Sportradar’s Brandt Iden ‘Bullish’ on Texas Sports Betting Being Legalized

Sportradar’s Brandt Iden ‘Bullish’ on Texas Sports Betting Being Legalized

Brandt Iden, the former state legislator in Michigan who helped that state legalize online casinos and sports betting, had reached his term limit and joined gaming technology company Sportradar.

Now the head of Government Affairs in the U.S. for Sportradar, Iden bridged the gap between the interests of commercial gambling companies and Native American gaming enterprises in Michigan. 

Iden recently discussed the likelihood that Texas sports betting could be legalized. It is considered one of the three “crown jewels” of states that have not launched sports betting yet, along with California and Florida. 

His answers have been edited lightly for brevity and flow.

Texas Legislature Back in 2023

Texas, unlike California and Florida, the other two large states without legal sports betting, has no large-scale casino gambling. In keeping with the Lone Star State’s traditional anti-gambling persuasion, there is no sports betting, either.

However, some think that state legislators might be receptive to sports gambling, absent other types of gaming. Contributing to a slow pace in Texas is that the state legislature meets only every other year. The next Texas legislative session will be in 2023.

Continuing to Lobby for Texas Gambling

BetTexas: Texas is a paradox. Everyone understands Texans love sports and it’s well-known they have an enthusiasm for gambling, but there has been a big push back because of social values? How does this all end? 

Iden: There's no history of regulated gaming in Texas. They haven't had any. What's interesting in Texas is that you got the Las Vegas Sands folks who have been spending a tremendous amount of money over the course of the past three years in the state, really working on the education part of that (among) legislators. I actually think today, if sports betting were to go up in Texas, it passes.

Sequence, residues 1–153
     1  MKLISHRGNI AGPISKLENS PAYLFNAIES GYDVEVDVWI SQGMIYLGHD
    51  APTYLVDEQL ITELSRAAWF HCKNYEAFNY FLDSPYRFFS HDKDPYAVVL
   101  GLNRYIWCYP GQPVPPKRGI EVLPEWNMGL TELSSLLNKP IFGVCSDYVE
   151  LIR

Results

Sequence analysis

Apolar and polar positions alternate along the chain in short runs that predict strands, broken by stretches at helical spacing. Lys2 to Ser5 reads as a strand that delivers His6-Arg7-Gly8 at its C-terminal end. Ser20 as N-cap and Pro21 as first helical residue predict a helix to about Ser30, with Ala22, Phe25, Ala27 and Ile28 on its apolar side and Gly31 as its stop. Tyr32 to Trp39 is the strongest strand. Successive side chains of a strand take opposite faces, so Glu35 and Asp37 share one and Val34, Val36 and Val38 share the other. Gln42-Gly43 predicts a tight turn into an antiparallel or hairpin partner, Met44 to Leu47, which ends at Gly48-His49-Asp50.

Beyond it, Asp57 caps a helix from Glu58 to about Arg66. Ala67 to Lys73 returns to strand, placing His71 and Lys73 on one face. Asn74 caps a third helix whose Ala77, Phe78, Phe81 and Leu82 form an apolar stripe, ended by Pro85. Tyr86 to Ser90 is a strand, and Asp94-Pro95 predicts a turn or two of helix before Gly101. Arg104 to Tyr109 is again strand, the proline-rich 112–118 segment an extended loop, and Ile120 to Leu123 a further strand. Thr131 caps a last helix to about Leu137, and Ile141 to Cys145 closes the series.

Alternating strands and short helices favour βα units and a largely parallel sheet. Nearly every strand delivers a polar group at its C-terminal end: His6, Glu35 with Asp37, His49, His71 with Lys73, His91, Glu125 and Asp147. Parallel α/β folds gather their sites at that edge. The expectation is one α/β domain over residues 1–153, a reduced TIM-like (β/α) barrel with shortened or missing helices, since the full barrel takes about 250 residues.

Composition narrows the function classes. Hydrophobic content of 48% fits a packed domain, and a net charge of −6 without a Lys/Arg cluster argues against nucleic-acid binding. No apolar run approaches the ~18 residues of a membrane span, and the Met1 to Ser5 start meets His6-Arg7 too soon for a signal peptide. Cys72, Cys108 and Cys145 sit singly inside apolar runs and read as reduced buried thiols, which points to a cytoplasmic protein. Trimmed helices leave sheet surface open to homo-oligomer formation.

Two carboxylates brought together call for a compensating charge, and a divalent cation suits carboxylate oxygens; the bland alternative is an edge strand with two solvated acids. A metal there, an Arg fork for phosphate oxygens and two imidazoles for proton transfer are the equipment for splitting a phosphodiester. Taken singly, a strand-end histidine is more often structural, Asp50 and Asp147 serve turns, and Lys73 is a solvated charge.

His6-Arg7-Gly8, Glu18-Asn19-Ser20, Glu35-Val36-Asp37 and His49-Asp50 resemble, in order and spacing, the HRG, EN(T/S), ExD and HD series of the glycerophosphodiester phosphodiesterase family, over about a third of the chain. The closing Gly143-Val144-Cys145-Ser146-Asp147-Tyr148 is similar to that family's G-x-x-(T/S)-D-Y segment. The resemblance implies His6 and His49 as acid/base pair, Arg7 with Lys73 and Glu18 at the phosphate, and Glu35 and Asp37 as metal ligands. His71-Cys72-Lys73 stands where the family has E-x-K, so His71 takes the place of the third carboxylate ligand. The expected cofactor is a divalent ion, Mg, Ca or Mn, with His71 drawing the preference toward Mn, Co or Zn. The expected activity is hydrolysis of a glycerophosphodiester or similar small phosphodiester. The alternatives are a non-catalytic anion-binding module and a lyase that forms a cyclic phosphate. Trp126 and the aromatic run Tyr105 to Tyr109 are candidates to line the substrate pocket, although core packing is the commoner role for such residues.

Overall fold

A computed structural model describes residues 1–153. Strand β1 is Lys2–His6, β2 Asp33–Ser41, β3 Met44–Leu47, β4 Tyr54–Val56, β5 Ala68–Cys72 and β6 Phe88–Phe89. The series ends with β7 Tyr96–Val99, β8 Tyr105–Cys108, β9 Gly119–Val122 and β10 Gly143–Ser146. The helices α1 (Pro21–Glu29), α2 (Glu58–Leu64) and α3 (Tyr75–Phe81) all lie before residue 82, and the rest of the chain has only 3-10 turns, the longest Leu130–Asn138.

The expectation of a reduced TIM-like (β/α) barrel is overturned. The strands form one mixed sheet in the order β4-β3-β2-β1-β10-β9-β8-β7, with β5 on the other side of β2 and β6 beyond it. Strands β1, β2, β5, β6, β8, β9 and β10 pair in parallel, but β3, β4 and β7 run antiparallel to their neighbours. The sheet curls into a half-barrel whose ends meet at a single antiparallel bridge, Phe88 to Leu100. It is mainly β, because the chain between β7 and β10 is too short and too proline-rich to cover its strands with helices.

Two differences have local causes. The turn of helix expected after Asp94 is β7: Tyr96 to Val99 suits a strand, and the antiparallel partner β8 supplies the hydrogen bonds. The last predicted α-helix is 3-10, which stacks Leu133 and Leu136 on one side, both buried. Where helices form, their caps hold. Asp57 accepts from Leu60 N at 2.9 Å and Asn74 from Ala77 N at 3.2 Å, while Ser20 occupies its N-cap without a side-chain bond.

The issue in Texas has always been and will continue to be the (gaming) industry has said, "We want more than just sports betting in Texas, and it has to sort of be a full-on gaming approach. We want to open up Texas for more gaming, we want bricks-and-mortar casinos, we want resorts destinations, and we don't just want sports betting." And so, I think, that is always a much bigger hurdle and a much bigger ask than just the sports betting ask, which always takes longer. 

From everything that I've heard, the Las Vegas Sands folks have continued to be very active in the off-year with legislators and with the governor's office. Governor (Greg) Abbott has always sort of been fairly agnostic on the issue of gaming.

He's always sort of deferred to the lieutenant governor on this. I envision that he'll probably win his re-election. And I think it sort of puts us in the same spot as it did last (time). A lot of work has been done to educate those lawmakers, which may change the dynamics a little bit.

”... I'm bullish on Texas. I don't know that this will be the year for it, but I know that we'll get there.”

Losing Revenue to Bordering States

BetTexas: Considering Texans are already routinely gambling in casinos in adjacent states, notably Oklahoma (Dallas area) and Louisiana (Houston area), is that going to work against Texas?

Iden: Anytime you can make the argument with legislators that you're losing revenue to other states I think it changes the dynamic. And here's a big one that will move Texas, I think, a little bit this year, and that is they don't have those (pandemic) federal dollars anymore. Those federal dollars are dried up. All market indicators say we're headed toward an economic slowdown, some say recession, if we're not already there. And that changes the state budgets and the dynamics of state budgets. When states need money, they look for other areas of revenue other than raising taxes. And I think Texas is primed for that. 

I think one of the reasons Texas didn't move last year was because they were flush with cash from the federal government, and they didn't need the money. Now, that dynamic changes, you may get sway from some legislators that before were No votes who now say, "Look, we'd love to do it. We don't want to raise taxes, let's find other avenues of revenue."



Bill Ordine
Senior Journalist

Bill Ordine, senior journalist and columnist for, was a reporter and editor in news and sports for the Philadelphia Inquirer and Baltimore Sun for 25 years, and was a lead reporter on a team that was a finalist for the Pulitzer Prize in Breaking News.

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